I like jet lag. Used well, it’s a low-effort way to reset one’s sleep schedule. I’ve been waking up at 5 AM for the past couple of days. I realized that starting work early usually means that I end up working the entire day anyway, so I’ve been using the extra hours for personal projects on my laptop. Result: lots of improvements to my personal dashboard application, lots of reading, and lots of writing. Because W- is similarly jetlagged, our mornings and evenings are synchronized. We’ll probably drift towards later evenings eventually, but we might as well make the most of it now.
I occasionally experiment with early wake-up times, and I usually write happy blog posts about it whenever I do.
I’m not sure if that’s because this idea of waking up early is bound up in social approval or whatever it is (waking up early is considered good, so perhaps I feel satisfied and a little smug when I manage it?), or because I really do like it. But I also don’t mind late nights of hacking and having fun, although I can’t stay up as late as W-. He drinks coffee and I don’t, so I have lower tolerance for reduced sleep.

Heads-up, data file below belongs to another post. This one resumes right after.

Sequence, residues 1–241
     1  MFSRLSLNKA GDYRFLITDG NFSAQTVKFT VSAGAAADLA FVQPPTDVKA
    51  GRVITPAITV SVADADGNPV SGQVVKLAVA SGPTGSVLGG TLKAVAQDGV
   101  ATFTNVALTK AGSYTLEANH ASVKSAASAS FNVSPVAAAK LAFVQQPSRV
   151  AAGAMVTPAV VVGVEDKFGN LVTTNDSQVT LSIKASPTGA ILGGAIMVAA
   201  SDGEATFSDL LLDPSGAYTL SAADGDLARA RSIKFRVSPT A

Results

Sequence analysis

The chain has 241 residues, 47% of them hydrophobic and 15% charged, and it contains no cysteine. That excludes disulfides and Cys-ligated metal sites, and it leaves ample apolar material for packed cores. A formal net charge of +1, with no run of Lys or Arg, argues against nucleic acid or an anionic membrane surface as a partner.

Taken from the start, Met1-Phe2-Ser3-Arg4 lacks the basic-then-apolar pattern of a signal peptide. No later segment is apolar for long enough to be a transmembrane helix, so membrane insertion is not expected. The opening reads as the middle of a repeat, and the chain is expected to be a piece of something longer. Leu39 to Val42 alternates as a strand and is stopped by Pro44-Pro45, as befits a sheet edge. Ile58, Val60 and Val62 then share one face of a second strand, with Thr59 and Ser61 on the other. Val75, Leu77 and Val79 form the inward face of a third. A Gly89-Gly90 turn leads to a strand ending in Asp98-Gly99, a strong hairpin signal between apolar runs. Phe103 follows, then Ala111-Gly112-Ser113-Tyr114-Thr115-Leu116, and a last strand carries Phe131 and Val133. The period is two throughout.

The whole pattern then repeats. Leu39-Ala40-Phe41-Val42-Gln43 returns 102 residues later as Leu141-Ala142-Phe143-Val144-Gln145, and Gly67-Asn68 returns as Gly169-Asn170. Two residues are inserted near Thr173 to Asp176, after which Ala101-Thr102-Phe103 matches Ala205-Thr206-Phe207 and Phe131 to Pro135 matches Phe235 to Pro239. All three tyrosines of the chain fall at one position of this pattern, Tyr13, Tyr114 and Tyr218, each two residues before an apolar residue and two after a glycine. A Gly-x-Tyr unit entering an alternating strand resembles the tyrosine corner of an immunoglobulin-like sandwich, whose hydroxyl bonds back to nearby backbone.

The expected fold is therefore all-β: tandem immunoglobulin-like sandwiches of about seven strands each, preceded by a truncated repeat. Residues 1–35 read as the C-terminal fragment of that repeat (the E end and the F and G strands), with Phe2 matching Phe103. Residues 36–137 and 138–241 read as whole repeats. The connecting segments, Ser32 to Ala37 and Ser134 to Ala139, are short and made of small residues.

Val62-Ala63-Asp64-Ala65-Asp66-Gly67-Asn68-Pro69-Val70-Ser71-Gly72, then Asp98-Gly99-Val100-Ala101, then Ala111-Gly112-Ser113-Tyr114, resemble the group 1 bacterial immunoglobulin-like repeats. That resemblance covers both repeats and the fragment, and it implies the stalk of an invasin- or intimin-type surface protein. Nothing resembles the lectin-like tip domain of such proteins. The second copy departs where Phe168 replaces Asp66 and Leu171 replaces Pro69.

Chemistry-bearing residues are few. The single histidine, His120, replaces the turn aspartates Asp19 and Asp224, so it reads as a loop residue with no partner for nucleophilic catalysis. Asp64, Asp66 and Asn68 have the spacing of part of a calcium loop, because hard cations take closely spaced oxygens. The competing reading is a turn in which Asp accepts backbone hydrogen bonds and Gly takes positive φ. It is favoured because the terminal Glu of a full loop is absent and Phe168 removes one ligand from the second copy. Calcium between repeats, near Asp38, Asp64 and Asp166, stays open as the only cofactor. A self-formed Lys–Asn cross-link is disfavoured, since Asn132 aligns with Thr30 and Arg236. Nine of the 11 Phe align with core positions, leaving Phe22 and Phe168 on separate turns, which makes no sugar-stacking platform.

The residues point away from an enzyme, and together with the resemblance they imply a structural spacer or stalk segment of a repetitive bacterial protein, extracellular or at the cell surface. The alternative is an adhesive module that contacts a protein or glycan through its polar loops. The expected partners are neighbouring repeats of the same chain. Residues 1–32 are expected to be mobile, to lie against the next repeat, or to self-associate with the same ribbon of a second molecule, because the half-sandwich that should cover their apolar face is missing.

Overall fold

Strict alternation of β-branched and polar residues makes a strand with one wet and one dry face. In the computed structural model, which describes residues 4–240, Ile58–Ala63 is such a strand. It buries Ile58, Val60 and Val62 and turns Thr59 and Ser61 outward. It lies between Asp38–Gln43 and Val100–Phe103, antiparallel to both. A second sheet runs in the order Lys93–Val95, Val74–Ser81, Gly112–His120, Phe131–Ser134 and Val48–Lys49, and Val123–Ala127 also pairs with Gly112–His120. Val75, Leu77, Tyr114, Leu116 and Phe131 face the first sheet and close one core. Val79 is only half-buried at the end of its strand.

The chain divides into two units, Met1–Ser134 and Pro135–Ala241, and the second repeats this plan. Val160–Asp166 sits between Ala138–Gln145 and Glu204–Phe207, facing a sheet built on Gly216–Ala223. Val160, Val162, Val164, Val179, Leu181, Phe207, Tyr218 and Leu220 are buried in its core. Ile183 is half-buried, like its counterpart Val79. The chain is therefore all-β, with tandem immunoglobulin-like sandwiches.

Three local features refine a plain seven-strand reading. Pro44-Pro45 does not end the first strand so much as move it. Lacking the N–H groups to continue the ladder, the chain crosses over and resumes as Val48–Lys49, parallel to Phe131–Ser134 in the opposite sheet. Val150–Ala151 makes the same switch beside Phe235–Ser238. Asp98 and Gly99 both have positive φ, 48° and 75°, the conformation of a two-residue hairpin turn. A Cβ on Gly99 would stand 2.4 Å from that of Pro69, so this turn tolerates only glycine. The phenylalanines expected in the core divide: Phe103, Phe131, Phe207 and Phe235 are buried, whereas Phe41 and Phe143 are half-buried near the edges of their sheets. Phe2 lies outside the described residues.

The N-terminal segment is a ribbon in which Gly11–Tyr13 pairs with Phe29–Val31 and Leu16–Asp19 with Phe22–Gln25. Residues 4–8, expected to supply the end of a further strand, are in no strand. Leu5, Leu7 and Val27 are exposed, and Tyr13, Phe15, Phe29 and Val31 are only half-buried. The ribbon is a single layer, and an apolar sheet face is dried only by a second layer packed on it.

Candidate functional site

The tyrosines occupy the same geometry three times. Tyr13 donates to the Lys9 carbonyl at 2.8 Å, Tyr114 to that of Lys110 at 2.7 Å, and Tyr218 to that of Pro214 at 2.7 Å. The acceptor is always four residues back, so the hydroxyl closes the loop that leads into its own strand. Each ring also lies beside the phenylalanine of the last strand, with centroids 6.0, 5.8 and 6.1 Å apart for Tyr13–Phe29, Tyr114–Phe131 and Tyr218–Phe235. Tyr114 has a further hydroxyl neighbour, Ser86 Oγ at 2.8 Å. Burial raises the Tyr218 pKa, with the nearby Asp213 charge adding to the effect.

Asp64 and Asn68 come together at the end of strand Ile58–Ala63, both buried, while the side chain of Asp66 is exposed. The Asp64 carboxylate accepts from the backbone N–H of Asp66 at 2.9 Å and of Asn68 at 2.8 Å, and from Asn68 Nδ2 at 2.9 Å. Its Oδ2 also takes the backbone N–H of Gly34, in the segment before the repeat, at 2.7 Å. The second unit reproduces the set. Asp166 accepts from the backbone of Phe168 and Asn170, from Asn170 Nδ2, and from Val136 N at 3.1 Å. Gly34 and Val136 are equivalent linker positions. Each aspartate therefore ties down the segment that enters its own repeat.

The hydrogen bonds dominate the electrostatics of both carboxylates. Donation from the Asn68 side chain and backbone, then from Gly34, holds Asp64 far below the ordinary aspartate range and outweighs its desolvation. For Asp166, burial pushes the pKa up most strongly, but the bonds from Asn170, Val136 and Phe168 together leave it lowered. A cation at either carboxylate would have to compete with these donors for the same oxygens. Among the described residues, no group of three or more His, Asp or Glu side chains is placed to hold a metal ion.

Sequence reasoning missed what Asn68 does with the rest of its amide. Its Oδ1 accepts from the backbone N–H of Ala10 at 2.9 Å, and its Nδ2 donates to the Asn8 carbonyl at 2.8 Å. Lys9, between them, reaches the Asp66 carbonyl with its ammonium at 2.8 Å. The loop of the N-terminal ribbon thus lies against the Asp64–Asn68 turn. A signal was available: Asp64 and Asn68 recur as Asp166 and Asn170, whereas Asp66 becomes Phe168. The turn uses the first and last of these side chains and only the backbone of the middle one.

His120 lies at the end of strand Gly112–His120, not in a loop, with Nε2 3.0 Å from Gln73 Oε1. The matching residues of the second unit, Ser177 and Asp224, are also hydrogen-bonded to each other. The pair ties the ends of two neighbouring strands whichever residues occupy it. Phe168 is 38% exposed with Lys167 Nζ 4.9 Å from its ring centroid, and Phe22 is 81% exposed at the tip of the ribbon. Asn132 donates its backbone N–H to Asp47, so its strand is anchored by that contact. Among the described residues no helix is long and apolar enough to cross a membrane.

Anyway. Mornings. The office opens at 7 AM, and I can’t get in unless it’s open. I used to be able to badge in through the IBM street-front, but the IBM reception has moved to an inner location, so no more badge access for me. This means that on weekdays (particularly in winter), the earliest I should leave the house is 6:30 AM. Morning routines typically take me an hour, so a good time to wake up is around 5:30 AM. I’ve liked these 5 AM wake-up times, though, because that gives me a little time for personal projects in the morning: small improvements to my dashboard, a few chapters of a book, and so on.
When I finish work and head home, I’m pretty much ready to have dinner, tidy up, and go to bed. I’m continuing to track my time use, and maybe the data will help me get a sense of my discretionary time when my sleeping patterns stabilize.
Jet lag: not a bad thing.